Old Fashioned Popcorn Balls

A 1950 Karo Syrup ad with a recipe for popcorn balls.
My son is a Boy Scout, which means every fall I have to buy popcorn from him. Then the next fall, I throw out about half of a box of popcorn and buy a new one. It's a ritual I've kept for many years.

Last year, we got some sort of chocolate drizzled thing that was really good, and lasted through only early December. This year, I only briefly glanced at the pretty brochure. A product called Double Caramel caught my eye. If caramel is good, double caramel should be doubly good, right?

Not so fast.

I failed to read the fine print, which read, "with a hint of cheese." Now who on earth would ever think to combine caramel and cheese? Although they are possibly my two favorite foods, they do not belong together the way chocolate and peanut butter do. This is the nastiest popcorn EVER. Even the dog won't eat it.

When I was a kid, we got popcorn in jars that my father would put into a pot on the stove along with a generous amount of corn oil and cook until it was mostly popped. Sometimes, my mother would pull out the Karo Syrup and make popcorn balls, which we all liked a lot. She usually made them around holidays, so it seems fitting to have a weekend recipe moment. You can use up some of that unpopped Boy Scout popcorn from last year.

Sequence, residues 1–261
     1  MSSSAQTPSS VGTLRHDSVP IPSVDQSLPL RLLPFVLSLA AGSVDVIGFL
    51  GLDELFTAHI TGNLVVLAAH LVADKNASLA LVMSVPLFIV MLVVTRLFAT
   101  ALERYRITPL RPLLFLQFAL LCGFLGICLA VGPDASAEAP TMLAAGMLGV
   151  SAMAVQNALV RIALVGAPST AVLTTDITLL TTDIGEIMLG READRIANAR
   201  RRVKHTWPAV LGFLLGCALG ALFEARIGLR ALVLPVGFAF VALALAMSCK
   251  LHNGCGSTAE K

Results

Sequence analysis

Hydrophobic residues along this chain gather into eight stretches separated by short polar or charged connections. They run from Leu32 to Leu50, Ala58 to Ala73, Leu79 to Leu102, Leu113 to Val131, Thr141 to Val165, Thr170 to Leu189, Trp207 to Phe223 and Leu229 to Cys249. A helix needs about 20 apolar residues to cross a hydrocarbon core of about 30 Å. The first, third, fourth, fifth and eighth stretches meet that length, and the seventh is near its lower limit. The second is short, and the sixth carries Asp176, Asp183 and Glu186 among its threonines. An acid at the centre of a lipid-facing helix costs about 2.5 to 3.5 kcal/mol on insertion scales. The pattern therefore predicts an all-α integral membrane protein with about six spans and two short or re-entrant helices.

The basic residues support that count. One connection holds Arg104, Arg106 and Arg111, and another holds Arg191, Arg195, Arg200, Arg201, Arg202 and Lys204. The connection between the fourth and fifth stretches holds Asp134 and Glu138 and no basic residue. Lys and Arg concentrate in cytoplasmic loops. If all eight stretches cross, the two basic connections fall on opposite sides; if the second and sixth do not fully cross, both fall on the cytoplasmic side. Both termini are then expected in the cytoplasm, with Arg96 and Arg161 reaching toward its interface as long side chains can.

From True Story Magazine, 1950

Old Fashioned Popcorn Balls

1 cup Karo Syrup, Blue or Green Label
1 cup brown sugar
1/4 cup water
1 tsp vinegar
2 Tbl butter or margarine
2 quarts unsalted popcorn

Combine first four ingredients in saucepan. Cook over medium heat, stirring constantly to hard ball stage (260°F) or until a small amount of mixture forms a hard ball when tested in very cold water. Remove from heat; quickly add butter and blend. Slowly pour over popcorn in large bowl, while mixing well. Form into balls, using as little pressure as possible. Butter hands, if desired. Makes 15 about 2 1/2 inches in diameter.

Pastel Popcorn Balls: Follow above recipe, using Red Label Karo instead of Blue or Green label, and substitute granulated sugar for brown. Add 2 tsp vanilla with butter. Tint syrup desired shade with vegetable coloring.

According to the ad, there were 3 kinds of Karo Syrup at this time. Blue for Dark syrup, Red for Light Syrup, and Green for Maple-y syrup.

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